The annual economic cost of the nearly 16,000 premature births linked to air pollution in the United States has reached $5.09 billion, according to a report by scientists at NYU Langone Medical Center. The sum includes $760 million spent on prolonged hospital stays and long-term use of medications, as well as $4.33 billion in lost economic productivity due to physical and mental disabilities associated with preterm birth.
The new analysis, published online March 29 in Environmental Health Perspectives, is the first to examine the costs of premature births due to air pollution in the U.S., according to the study’s authors. Researchers say air pollution is known to increase toxic chemicals in the blood and cause immune system stress, which can weaken the placenta surrounding the fetus and lead to preterm birth.
“Air pollution comes with a tremendous cost, not only in terms of human life, but also in terms of the associated economic burden to society,” says lead study investigator Leonardo Trasande, MD, MPP, a professor at NYU Langone. “It is also important to note that this burden is preventable, and can be reduced by limiting emissions from automobiles and coal-fired power plants.”
For the study, Trasande and his colleagues examined data from the Environmental Protection Agency, the U.S. Centers for Disease Control and Prevention, and the Institute of Medicine. The investigators calculated average air pollution exposure and the number of premature births per county. They then tabulated estimates of the long-term health implications of premature birth as detailed in more than six previous investigations and computer models that focused on early death, decreased IQ, work absences due to frequent hospitalizations, and overall poor health.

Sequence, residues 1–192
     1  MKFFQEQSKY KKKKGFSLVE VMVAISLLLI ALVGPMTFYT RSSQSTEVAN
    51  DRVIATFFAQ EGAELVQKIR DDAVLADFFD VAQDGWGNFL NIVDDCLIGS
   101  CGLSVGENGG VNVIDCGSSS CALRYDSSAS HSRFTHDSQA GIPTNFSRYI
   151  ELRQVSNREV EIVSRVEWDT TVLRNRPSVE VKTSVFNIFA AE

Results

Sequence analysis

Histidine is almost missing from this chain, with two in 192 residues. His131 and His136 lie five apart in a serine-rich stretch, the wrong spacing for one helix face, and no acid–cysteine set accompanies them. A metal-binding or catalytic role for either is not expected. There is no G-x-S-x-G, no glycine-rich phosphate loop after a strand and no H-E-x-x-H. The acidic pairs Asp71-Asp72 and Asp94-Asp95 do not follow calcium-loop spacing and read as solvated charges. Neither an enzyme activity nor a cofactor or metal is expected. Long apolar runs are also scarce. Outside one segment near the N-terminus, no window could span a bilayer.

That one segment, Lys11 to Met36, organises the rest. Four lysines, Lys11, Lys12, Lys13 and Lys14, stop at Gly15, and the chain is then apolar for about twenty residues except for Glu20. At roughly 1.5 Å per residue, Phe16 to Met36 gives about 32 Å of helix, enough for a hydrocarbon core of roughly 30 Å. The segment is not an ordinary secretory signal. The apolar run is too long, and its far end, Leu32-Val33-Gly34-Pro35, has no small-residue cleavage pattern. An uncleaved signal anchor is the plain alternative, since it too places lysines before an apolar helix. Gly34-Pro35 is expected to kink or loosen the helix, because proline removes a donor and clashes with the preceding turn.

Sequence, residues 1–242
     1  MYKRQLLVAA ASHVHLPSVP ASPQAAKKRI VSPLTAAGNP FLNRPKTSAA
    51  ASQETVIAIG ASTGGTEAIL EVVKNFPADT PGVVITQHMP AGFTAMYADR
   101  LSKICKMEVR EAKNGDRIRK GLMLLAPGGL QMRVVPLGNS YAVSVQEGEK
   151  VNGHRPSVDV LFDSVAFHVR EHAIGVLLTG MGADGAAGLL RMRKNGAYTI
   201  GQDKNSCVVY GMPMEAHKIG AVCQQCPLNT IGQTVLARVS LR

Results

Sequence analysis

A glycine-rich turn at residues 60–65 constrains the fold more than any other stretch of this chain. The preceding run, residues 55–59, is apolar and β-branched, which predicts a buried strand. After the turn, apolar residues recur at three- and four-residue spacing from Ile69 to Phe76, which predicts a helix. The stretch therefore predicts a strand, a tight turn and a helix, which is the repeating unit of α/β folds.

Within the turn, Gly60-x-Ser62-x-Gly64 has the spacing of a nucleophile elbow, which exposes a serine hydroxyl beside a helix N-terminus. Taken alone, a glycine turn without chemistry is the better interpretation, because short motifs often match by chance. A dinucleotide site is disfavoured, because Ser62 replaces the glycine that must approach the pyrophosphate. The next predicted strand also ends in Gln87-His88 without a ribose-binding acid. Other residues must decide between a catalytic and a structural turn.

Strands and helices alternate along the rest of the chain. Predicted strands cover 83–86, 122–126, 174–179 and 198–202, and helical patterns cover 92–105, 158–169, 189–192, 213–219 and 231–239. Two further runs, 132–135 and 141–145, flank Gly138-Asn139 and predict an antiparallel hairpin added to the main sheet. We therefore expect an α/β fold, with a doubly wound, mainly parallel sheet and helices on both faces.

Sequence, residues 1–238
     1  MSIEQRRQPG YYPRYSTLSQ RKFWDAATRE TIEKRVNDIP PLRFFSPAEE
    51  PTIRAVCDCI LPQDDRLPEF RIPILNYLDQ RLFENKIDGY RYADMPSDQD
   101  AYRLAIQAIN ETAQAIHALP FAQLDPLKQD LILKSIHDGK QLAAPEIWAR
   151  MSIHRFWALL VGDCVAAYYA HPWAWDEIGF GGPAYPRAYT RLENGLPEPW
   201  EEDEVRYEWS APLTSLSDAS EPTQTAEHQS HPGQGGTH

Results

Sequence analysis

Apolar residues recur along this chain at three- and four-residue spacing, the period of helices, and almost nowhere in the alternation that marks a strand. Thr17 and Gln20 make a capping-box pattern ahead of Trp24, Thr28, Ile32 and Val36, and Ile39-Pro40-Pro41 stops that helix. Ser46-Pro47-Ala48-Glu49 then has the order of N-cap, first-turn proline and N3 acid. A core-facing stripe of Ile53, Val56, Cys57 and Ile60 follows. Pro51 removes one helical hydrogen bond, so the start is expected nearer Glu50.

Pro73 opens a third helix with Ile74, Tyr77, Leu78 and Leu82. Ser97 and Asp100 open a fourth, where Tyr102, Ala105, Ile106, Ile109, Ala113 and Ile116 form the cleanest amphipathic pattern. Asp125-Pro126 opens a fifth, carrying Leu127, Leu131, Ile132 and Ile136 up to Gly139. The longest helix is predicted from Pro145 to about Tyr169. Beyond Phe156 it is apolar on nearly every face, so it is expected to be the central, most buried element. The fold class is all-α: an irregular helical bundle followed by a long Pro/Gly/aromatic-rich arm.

Trasande says the research team plans to share their findings with policymakers in an effort to help shape regulations and laws designed to reduce air pollution and protect public health.
According to Trasande, the national percentage of premature births in the U.S. has declined from a peak of 12.8 percent in 2006 to 11.4 percent in 2013, but the number remains well above those of other developed countries.
Moreover, he says, the decline is insufficient to meet the goal of 8.1 percent by 2020 set by the March of Dimes, a voluntary health organization dedicated to reducing premature births and infant mortality.
Statistical estimates developed by his team as part of their analysis attribute slightly more than 3 percent of premature births to air pollution.
Among the report’s other key findings was that the number of premature births linked to air pollution was highest in urban counties, primarily in Southern California and the Eastern U.S., with peak numbers in the Ohio River Valley.
Trasande says his team plans to conduct further research into the role of specific outdoor air pollutants, especially particulate matter, and whether any stages of pregnancy are more susceptible to their negative effects, including increased risk of heart and lung diseases. Trasande also plans to expand the analysis to a global level.
Funding support for the study was provided by the KiDS of NYU Langone Foundation. Besides Trasande, other researchers involved in the study were Patrick Malecha, BS, and Teresa Attina, MD, PhD, MPH, both of NYU Langone Medical Center.
Correction: Cost estimates in this release have been updated and increased to reflect changes in the published manuscript.